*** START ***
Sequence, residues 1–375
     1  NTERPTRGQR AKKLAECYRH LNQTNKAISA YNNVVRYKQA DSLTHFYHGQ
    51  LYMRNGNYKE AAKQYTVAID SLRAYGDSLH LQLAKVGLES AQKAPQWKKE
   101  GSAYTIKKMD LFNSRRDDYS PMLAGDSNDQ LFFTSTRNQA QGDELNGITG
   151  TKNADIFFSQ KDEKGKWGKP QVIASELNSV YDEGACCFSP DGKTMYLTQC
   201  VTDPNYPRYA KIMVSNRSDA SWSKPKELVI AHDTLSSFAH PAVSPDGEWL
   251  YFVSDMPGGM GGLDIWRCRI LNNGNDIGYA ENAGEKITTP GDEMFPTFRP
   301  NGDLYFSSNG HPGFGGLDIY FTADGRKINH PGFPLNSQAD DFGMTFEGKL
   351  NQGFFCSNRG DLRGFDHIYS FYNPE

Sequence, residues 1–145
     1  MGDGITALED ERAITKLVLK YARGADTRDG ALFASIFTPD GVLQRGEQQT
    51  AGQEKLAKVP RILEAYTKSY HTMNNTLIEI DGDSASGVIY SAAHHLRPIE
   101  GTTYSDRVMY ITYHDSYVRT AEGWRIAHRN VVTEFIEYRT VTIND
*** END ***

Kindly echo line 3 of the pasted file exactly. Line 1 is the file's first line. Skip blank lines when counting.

    51  LYMRNGNYKE AAKQYTVAID SLRAYGDSLH LQLAKVGLES AQKAPQWKKE